Click here to read the rest of this letter.

For those who do not know, MWAA's total contribution to the cost of  building of the Silver Line is actually less than it will cost to build the line and the station at Dulles airport.  On the other hand, Dulles Toll Road users will be paying for more than half of the total line's $6 billion cost.  Yet MWAA is adamantly opposed to sharing any of the proceeds from its non-aviation commercial development in reducing the costs to DTR users or its other "partners"--Loudoun and Fairfax Counties.  

Subways, Strikes, and Slowdowns: The Impacts of Public Transit on Traffic Congestion, NBER Working Paper, February 2013

Below is the abstract from a NBER Working Paper by Michael L. Anderson on the impacts of the cessation of public transit programs--typically by worker strikes and slowdowns.  Looking through this other end of the spyglass, the report highlights the disproportionate effect public transit has on reducing congestion--and the adverse consequences when it is not available.  

Here is Paul Krugman's short summary of the paper:  "(T)he author argues that mass transit has a significant impact in reducing traffic congestion, even when it carries only a small fraction of commuters. Why? Because commuters who take mass transit are, very disproportionately, people who would otherwise be driving on the most congested routes. So even the small number of people taken off the roads has a surprisingly large effect in reducing travel delays."

The paper is available from NBER for $5.00 to members (free) if you want to read the full text.  You can reach the webpage for the paper by clicking on the paper's title below.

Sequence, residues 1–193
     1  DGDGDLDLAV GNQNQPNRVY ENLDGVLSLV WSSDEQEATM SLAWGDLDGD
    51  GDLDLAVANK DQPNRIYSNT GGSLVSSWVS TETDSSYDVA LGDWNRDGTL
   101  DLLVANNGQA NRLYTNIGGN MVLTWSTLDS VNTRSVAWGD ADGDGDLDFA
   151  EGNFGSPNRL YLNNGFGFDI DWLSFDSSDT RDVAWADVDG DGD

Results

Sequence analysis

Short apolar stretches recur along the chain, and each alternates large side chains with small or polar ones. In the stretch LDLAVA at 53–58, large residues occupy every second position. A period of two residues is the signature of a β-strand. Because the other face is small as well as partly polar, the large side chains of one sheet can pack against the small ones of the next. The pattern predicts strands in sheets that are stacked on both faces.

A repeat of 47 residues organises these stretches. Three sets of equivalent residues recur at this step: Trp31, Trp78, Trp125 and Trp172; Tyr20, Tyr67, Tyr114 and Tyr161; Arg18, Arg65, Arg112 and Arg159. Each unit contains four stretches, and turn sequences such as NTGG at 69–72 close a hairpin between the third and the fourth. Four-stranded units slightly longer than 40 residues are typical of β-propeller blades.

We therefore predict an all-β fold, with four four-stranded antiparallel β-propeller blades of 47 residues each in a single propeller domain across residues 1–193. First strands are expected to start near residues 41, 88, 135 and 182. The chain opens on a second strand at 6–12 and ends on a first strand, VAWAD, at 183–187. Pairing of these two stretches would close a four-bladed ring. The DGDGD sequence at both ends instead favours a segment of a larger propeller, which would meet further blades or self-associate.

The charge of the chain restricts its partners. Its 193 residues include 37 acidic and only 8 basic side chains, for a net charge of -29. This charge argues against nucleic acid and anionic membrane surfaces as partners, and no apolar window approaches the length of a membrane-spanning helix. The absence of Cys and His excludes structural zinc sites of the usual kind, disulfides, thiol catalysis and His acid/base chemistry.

Subways, Strikes, and Slowdowns: The Impacts of Public Transit on Traffic Congestion

Michael L. Anderson

NBER Working Paper No. 18757
Issued in February 2013
NBER Program(s):   EEE   PE

Public transit accounts for only 1% of U.S. passenger miles traveled but nevertheless attracts strong public support. Using a simple choice model, we predict that transit riders are likely to be individuals who commute along routes with the most severe roadway delays. These individuals’ choices thus have very high marginal impacts on congestion. We test this prediction with data from a sudden strike in 2003 by Los Angeles transit workers. Estimating a regression discontinuity design, we find that average highway delay increases 47% when transit service ceases. This effect is consistent with our model’s predictions and many times larger than earlier estimates, which have generally concluded that public transit provides minimal congestion relief. We find that the net benefits of transit systems appear to be much larger than previously believed.  (Emphasis added)

Monday, March 25, 2013

Fairfax County Could Sell Air Rights to Fight Tolls, Reston Patch, March 25, 2013

With tolls projected to increase, officials are looking into air rights sales.

Fairfax County is exploring how selling air rights could help reduce tolls on the Dulles Toll Road that are expected to shoot up with Phase II Silver Line construction.